In a chemotaxis assay, FACS-sorted myeloid cells (1×105) were transferred into the upper chambers of the transwells (5-μm pore). CCL21 (100 ng/ml) and culture supernatants from various cultures were placed in the lower chambers. After 6 h culture, migration was quantified by counting cells in the lower chamber and cells adhering to the bottom of the membrane. In some cases, blocking Ab for human/mouse CCL21 (20 μg/ml) or corresponding control IgG/IgG2a (20 μg/ml) were added into the culture supernatants, and blocking Ab for human/mouse CCR7 (20 μg/ml) or corresponding control IgG2a (20 μg/ml) were added into myeloid cell suspensions and incubated for 2 h before chemotaxis assays.
In vitro T cell culture system
Purified mouse peripheral or spleen CD4+ T cells from uninfected or WT H. pylori-infected WT mice (8 week p.i.) were labeled with carboxyfluorescein succinimidyl ester (CFSE) and co-cultured (1×105 cells/well) with FACS-sorted gastric CD45+CD11c-Ly6G-CD11b+CD68- myeloid cells from WT H. pylori-infected WT mice (8 week p.i.) at 2:1 ratio in 200 μl RPMI 1640 medium containing mouse recombinant IL-2 (20 IU/ml), anti-CD3 (2 μg/ml), and anti-CD28 (1 μg/ml) Abs. After a 5-d incubation, cells were collected and analyzed by intracellular cytokine staining, and the culture supernatants were harvested for ELISA.
Paraformaldehyde-fixed and paraffin-embedded samples were cut into 5 µm sections. For immunohistochemical staining, the sections were incubated with rabbit anti-human/mouse Rev-erbα, rabbit anti-human/mouse p-ERK, sheep anti-mouse Reg3b or rabbit anti-mouse β-defensin-1 followed by HRP-conjugated anti-rabbit IgG or HRP-conjugated anti-sheep IgG and later its substrate diaminobenzidine. All the sections were finally counterstained with haematoxylin and examined using a microscope (Nikon Eclipse 80i; Nikon).
Paraformaldehyde-fixed cryostat tissue sections or AGS cells were washed in PBS, blocked for 30 min with 20% goat serum in PBS, stained for Rev-erbα, Rev-erbα and CD326, or CCL21 and CD326. Slides were examined with a confocal fluorescence microscope (LSM 510 META, Zeiss).
DNA of the biopsy specimens were extracted with QIAamp DNA Mini Kit and RNA of biopsy specimens and cultured cells were extracted with TRIzol reagent. The RNA samples were reversed transcribed into cDNA with PrimeScriptTM RT reagent Kit. Real-time PCR was performed on an IQ5 (Bio-Rad) with Real-time PCR Master Mix according to the manufacturer's specifications. The mRNA expression of 16s rDNA, cagA, Rev-erbα, chemokine, IFN-γ, β-defensin and Reg3 genes was measured using the TaqMan and/or SYBR green method with the relevant primers (Supplementary Table 3). For mouse samples, mouse β2-microglobulin mRNA level served as a normalizer, and its level in the stomach of uninfected or WT mice served as a calibrator. For human samples, human β-actin mRNA level served as a normalizer, and its level in the uninfected cells/tissues or stomach of uninfected donors served as a calibrator. The relative gene expression was expressed as fold change of relevant mRNA calculated by the ΔΔCt method.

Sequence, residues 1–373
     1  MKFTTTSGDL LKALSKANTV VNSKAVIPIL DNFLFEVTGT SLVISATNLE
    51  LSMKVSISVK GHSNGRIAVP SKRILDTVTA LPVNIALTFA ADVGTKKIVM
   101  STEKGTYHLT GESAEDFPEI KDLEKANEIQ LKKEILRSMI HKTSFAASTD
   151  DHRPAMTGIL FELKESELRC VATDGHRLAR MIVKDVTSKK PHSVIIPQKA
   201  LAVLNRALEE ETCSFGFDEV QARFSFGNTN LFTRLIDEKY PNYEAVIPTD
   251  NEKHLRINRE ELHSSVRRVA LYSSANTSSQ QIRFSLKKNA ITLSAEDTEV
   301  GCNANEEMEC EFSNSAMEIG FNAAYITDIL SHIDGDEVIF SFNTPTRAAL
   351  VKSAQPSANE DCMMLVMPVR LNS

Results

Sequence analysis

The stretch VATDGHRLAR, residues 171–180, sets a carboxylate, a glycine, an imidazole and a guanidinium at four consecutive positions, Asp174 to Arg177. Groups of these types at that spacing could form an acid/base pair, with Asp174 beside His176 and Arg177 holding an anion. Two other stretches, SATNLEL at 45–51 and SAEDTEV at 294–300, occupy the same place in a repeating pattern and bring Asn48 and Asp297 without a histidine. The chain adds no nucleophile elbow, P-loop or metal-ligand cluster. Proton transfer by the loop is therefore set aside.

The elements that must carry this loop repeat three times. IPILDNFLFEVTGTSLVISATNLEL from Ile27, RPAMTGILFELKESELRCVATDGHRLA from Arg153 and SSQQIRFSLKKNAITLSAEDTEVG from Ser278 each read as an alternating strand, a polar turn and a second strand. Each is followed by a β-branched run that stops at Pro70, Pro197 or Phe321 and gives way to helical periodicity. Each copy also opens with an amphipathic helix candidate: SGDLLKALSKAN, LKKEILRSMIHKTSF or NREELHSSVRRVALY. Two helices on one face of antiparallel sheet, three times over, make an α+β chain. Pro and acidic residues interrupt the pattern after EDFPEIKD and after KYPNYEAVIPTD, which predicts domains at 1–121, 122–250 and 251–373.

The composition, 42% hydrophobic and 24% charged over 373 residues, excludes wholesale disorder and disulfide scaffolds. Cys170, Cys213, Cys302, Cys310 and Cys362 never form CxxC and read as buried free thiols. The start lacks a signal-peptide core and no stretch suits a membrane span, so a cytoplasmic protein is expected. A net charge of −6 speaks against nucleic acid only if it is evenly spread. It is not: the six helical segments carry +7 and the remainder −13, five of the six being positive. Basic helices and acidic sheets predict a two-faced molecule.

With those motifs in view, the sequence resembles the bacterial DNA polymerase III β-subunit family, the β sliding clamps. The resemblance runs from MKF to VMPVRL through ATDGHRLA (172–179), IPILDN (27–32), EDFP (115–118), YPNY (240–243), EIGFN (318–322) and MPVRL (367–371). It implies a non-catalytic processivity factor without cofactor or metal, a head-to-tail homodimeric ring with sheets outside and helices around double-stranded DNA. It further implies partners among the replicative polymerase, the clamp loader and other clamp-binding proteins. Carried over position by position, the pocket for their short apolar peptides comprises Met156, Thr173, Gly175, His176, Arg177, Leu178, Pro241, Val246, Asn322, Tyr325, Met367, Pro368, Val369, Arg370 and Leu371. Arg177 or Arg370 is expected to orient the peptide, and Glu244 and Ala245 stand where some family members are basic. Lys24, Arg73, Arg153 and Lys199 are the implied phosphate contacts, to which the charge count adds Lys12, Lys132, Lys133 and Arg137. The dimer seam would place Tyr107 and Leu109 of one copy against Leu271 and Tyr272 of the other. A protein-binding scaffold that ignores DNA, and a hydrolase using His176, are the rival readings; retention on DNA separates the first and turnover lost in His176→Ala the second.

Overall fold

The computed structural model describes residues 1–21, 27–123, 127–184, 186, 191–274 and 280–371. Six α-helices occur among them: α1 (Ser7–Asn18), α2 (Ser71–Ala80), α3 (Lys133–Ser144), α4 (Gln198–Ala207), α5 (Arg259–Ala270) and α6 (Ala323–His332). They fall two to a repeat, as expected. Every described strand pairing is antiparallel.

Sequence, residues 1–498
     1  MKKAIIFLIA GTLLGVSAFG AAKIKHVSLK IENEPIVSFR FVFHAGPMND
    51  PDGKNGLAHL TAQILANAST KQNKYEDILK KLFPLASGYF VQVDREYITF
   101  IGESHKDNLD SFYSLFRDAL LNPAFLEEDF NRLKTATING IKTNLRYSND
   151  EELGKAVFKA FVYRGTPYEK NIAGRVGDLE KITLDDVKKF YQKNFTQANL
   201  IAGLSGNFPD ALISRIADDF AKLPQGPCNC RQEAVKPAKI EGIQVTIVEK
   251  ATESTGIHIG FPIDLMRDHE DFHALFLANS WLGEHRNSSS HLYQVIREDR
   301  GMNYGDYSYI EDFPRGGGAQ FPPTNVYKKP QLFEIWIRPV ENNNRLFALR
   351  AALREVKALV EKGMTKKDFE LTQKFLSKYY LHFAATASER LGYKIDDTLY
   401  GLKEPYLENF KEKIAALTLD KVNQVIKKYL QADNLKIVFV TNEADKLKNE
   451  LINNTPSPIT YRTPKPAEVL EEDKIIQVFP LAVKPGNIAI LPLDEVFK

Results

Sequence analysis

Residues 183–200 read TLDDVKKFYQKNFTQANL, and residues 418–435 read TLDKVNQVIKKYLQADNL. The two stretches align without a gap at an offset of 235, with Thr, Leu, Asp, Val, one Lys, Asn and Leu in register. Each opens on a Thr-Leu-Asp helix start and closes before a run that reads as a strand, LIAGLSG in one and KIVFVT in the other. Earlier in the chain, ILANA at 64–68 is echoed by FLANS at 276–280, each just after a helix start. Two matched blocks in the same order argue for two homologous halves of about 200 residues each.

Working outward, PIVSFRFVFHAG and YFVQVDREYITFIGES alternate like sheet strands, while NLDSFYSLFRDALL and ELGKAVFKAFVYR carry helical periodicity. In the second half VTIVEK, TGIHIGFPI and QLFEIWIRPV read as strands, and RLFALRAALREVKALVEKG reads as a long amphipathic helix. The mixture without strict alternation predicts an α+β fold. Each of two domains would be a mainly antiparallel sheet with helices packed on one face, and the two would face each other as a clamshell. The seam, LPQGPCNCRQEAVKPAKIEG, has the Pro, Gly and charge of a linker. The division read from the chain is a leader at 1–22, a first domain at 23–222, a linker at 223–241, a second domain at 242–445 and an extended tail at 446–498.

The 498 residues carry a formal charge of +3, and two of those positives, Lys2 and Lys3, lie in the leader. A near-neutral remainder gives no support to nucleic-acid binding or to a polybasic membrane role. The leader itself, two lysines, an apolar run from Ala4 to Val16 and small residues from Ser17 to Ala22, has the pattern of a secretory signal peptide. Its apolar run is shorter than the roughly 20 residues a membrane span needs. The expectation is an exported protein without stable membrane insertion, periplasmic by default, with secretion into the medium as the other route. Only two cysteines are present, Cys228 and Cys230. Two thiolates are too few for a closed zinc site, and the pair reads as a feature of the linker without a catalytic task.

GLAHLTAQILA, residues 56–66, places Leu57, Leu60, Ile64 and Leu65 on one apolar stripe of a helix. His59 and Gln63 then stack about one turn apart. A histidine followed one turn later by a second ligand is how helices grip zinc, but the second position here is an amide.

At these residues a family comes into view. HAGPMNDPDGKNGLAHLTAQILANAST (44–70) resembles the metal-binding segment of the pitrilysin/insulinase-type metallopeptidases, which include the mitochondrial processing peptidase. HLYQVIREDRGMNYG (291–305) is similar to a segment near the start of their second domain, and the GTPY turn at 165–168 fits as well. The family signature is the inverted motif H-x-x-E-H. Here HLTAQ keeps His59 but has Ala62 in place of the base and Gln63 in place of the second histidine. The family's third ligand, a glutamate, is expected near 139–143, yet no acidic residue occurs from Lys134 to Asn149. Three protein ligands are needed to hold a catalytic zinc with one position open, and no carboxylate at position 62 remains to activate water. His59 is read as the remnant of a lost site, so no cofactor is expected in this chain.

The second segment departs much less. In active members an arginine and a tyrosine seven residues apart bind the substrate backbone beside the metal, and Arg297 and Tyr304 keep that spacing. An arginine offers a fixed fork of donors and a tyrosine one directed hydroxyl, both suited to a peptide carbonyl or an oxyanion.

Cell surface markers were stained with specific or isotype control Abs. For intracellular molecules measurements, the cells were stimulated for 5 h with PMA (50 ng/ml) plus ionomycin (1 μg/ml) in the presence of Golgistop. Intracellular cytokine staining was performed after fixation and permeabilization, using Perm/Wash solution. Then, the cells were analyzed by multicolor flow cytometry on a FACSCanto II (BD Biosciences). Data were analyzed with Flowjo software (TreeStar) or FACSDiva software (BD Biosciences).
Isolated human and mouse gastric tissues were homogenized in 1 ml sterile Protein Extraction Reagent, and centrifuged. Tissue supernatants were collected for ELISA. Concentrations of CCL21, Reg3b, β-defensin-1 or IFN-γ in the tissue supernatants; concentrations of CCL21, Reg3b or β-defensin-1 in the gastric epithelial cell culture supernatants; concentrations of IFN-γ in the T cell culture supernatants were determined using ELISA kits according to the manufacturer’s instructions.
Western blot analysis
Western blots were performed on 10%-15% SDS-PAGE gel transferred PVDF membranes with equivalent amounts of cell or tissue lysate protein for each sample. Five percent skim milk was used for blocking the PVDF membranes. Mouse Rev-erbα, ERK1/2, and p-ERK1/2 were detected with rabbit anti-Rev-erbα Ab, rabbit anti-ERK1/2 Ab, and rabbit anti-p-ERK1/2 Ab; human Rev-erbα, ERK1/2, and p-ERK1/2 were detected with rabbit anti-Rev-erbα Ab, rabbit anti-ERK1/2 Ab, and rabbit anti-p-ERK1/2 Ab; cagA was detected with rabbit anti-cagA Ab respectively. This was followed by incubation with HRP-conjugated secondary Abs. Bound proteins were visualized by using SuperSignal® West Dura Extended Duration Substrate kit.
Gene expression profiles of WT H. pylori-infected and uninfected AGS cells were analyzed with the human Exon 1.0 ST GeneChip (Affymetrix), strictly following the manufacturer’s protocol. Microarray experiments were performed at the Genminix Informatics (China) with the microarray service certified by Affymetrix.
Results are expressed as mean ± SEM. Student t test was generally used to analyze the differences between two groups, but when the variances differed, the Mann-Whitney U test was used. For multiple comparisons, the 1-way ANOVA was used. Correlations between parameters were assessed using Pearson correlation analysis and linear regression analysis, as appropriate. SPSS statistical software (version 13.0) was used for all statistical analysis. All data were analyzed using two-tailed tests, and P<0.05 was considered statistically significant. Microarray data analysis was performed with the assistance of Genminix Informatics. Raw data from each array were analyzed using TwoClassDif.